After a 12-month hiatus, the country’s premier book awards will return in 2016 with a new structure, a new judging process and a significant, annual fiction prize of $50,000.
The New Zealand Book Awards winners will be announced at an event during the country’s largest literary gathering – the Auckland Writers Festival – in May 2016.
The New Zealand Book Awards Trust chair, Nicola Legat, says she is delighted to announce the changes, and in particular the major fiction award, which is provided by the Acorn Foundation, through the generosity of one of its donors.
“It creates a tremendous and lasting literary legacy. The sum of $50,000 will be awarded to the top fiction work annually, in perpetuity. This will make a difference not only to the receiving writer, but also to the literary fabric of New Zealand. It is a huge gift for us all.”
The Acorn Foundation is a Western Bay of Plenty-based community foundation that encourages people to leave bequests in their wills, or gifts during their lifetimes.
Acorn Foundation’s Operation’s Manager, Margot McCool, says it is humbling to witness such generosity.
“Since 2003 we have been encouraging generosity, so that people who really care about their community can fulfil their wish of enabling organisations and causes they believe in. We are so pleased that this award will make such a difference to New Zealand novelists’ careers,” says Mrs McCool.
In addition to an annual fiction winner, there will be a poetry, a general non-fiction and an illustrated non-fiction winner and, should there be sufficient entries, a Māori language award. The three Best First Book Awards will also continue.
Ms Legat added that including the awards in the Auckland Writers Festival programme ensures they reach more people.
“The New Zealand Book Awards will be the first public event in the festival’s line-up. With the festival growing exponentially year-on-year (55 percent in 2014 and a further 17 percent in 2015), we are taking New Zealand writers to a huge reading audience.”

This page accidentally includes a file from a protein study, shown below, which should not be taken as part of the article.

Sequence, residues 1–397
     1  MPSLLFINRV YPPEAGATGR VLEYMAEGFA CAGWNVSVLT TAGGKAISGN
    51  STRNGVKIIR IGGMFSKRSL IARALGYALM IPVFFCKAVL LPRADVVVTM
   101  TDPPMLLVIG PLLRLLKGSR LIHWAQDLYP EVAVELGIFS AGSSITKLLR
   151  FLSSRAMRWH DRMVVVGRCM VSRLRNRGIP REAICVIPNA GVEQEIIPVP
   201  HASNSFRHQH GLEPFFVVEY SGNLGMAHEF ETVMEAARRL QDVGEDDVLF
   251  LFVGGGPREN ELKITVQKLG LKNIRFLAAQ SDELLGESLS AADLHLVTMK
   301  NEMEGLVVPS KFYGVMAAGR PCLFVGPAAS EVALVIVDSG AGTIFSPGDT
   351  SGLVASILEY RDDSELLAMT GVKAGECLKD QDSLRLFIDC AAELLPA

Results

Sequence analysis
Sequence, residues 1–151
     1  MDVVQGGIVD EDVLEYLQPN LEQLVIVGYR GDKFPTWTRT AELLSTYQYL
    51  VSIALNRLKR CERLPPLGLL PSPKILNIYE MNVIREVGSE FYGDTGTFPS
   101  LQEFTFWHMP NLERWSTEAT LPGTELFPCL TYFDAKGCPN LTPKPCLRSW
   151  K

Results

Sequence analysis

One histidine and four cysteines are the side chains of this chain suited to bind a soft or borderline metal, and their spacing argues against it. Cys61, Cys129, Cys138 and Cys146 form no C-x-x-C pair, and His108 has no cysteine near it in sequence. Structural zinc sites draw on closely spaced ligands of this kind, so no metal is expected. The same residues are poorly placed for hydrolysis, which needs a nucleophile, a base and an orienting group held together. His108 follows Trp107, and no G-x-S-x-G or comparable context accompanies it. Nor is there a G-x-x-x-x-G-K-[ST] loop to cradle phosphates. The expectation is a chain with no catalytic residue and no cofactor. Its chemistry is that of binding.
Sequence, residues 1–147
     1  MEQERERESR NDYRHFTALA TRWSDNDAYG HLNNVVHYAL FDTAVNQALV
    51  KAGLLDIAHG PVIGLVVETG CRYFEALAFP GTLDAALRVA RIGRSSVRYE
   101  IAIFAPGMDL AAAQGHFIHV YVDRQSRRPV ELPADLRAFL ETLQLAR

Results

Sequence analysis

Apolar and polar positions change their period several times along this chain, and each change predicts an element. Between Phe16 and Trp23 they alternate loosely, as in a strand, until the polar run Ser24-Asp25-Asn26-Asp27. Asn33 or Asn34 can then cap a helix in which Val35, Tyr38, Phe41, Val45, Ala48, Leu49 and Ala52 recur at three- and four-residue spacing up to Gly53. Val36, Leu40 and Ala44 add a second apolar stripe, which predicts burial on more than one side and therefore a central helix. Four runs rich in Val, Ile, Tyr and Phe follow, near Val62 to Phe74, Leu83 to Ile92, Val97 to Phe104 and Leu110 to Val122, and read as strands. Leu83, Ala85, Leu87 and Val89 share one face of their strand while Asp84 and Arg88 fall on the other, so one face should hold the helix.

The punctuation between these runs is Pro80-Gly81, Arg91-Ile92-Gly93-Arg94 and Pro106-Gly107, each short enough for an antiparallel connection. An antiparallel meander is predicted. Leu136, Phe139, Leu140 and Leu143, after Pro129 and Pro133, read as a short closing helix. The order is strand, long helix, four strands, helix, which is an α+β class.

Auckland Writers Festival director Anne O’Brien says embracing the New Zealand Book Awards was a natural fit.
“The festival is committed to sharing a love of books and reading and to championing and supporting New Zealand writers through exposure to thousands of festival-goers each year. The New Zealand Book Awards are a celebration of writing excellence and we’re delighted to offer them a home in the festival’s programme,” says Ms O’Brien.
The four main categories will be judged by specialist judges, three per category, plus a Māori language adviser for the Māori language awards. The judges will select a long list of around eight books in each category. It will be announced in November 2015.
The shortlist of four books in each of the categories will be announced in early March 2016.
“The changes to the judging process are a direct result of the consultation process carried out by the Book Awards Trust in 2014. Having fewer books for each judge to read, and having more specialist depth in each genre, will allow a more detailed examination of the works,” says Ms Legat.
The call for entries in the awards is scheduled for August 1 this year.
For interview opportunities and further information please contact: Penny Hartill, director, hPR 09 445 7525, 021 721 424, firstname.lastname@example.org
Margot McCool, Operations Manager Acorn Foundation Tel 07 579 9839, 027 2455 142, email@example.com
The New Zealand Book Awards are the country’s premier literary honours for works written by New Zealanders. First established in 1968 as the Goodman Fielder Wattie Book Awards, they have also been called New Zealand Post Book Awards (2010-2014) and the Montana New Zealand Book Awards. The awards, now given for Fiction, Illustrated Non-fiction, General Non-fiction and Poetry, as well as for Best First Book and Māori language, are governed by the New Zealand Book Awards Trust (a registered charity). Creative New Zealand is a significant annual funder of the awards.
The Acorn Foundation is a Community organisation based in the Western Bay of Plenty, which encourages people to leave a gift in their Will and/or their lifetime, to support their local community forever. Donations are pooled and invested, and the investment income is used to make donations to local charities, in accordance with the donors’ wishes. The capital remains intact.
Since it was established in 2003, Acorn has distributed over $2.4million, and this year expects to distribute a further $500,000. It currently has invested funds of $13million.
Donors may choose which organisations are to benefit each year, or they may decide to leave that to the trustees’ discretion. This will allow for the changing needs of the region in years to come.
Community Foundations are the fastest growing form of philanthropy worldwide, and there are now 13 community foundations throughout New Zealand.